New changes to the law in
relation to the Personal Property and Securities Register
("PPS Register") will affect most businesses in
There can be far reaching consequences for businesses which are
affected and do not take steps to understand these changes,
particularly if you do business with someone who becomes
The Basic Guide
On Monday 30 January 2012, the PPS Register replaced most other
security registers in Australia, including but not limited to the
ASIC Company Charge Register and the South Australian Register of
It also enables registration of security interests, generally
speaking, where you take security over someone else's asset
excluding real estate that secured parties have not previously been
able to register.
Security interests capable of registration and numerous and could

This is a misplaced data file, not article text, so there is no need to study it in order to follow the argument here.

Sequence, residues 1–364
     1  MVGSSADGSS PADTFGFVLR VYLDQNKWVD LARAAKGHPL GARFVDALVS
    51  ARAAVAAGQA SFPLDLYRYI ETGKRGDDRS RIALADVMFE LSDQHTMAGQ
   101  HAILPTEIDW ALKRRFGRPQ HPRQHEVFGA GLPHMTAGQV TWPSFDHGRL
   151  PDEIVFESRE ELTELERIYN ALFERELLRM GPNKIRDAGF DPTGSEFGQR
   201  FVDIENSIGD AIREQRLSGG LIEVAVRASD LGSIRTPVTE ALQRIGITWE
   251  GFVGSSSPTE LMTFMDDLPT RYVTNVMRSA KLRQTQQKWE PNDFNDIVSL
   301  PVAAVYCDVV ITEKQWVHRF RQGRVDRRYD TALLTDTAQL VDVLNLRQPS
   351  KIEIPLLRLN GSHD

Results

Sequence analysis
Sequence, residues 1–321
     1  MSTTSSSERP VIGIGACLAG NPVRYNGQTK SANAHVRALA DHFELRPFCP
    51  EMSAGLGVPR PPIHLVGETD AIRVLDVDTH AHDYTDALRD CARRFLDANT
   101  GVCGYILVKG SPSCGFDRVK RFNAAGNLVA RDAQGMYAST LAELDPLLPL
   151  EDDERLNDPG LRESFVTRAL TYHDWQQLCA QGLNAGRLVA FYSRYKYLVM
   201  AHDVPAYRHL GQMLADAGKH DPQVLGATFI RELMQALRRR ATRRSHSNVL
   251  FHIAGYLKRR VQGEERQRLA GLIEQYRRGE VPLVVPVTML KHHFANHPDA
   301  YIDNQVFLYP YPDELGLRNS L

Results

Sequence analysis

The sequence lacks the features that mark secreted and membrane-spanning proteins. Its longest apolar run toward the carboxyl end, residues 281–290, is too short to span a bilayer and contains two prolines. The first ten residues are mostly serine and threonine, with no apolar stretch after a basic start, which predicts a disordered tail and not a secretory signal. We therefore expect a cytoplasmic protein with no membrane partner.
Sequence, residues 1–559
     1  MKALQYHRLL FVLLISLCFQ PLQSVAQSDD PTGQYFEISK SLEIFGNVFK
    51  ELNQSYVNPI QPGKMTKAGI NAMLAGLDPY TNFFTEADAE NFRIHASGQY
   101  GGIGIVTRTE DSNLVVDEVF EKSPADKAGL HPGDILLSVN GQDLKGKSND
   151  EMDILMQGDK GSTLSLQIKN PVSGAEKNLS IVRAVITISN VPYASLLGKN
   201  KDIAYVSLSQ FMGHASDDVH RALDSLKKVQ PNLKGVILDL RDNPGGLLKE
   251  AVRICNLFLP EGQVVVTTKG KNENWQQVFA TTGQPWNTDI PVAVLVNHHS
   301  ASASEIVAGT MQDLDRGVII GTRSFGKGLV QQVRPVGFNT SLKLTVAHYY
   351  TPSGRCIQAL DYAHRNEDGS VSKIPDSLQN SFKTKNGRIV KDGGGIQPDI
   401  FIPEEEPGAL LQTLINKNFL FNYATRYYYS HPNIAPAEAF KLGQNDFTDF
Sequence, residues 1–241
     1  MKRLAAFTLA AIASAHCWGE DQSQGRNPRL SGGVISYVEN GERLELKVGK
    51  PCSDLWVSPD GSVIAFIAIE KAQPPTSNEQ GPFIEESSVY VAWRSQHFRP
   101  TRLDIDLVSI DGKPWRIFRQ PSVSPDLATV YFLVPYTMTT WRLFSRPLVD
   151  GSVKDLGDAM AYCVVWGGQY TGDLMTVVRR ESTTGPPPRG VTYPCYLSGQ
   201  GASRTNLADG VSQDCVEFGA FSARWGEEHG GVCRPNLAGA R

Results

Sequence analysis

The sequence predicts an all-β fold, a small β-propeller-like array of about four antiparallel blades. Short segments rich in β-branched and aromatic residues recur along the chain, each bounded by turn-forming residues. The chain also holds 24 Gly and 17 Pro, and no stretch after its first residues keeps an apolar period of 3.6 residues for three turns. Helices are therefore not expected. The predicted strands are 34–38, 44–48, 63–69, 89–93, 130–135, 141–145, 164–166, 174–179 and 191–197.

include, amongst other things:
- Fixed and floating charges over companies - this includes
intercompany charges for asset protection purposes;
- Leasing/licensing goods - this includes intangible goods like
intellectual property; and
- Selling goods under retention of title or on consignment.
A Practical Summary
All businesses should make sure they understand the following:
- If you hire goods, sell goods or otherwise secure or encumber
other party's goods (or your own goods are in someone else's
possession) and you fail to register your interest on the PPS
Register or register your interest too late, you can lose
those goods to another secured party who has registered their
interest before you, even if you own legal title to the
- For all security interests that are dated before 30 January
2012, but not currently registered, you will have two years
to register them before you lose priority.
Solicitors can advise whether you need to register your
interest on the PPS Register in order to obtain or retain security
in priority of others and we will assist you in the process of
registration if your require. For more information or to get
some help with this, why not have a chat with today's blog writer,
Andersons Partner Felix Hoelscher.
Please note, this Blog is posted in Adelaide, South Australia.
It relates to Australian Federal legislation.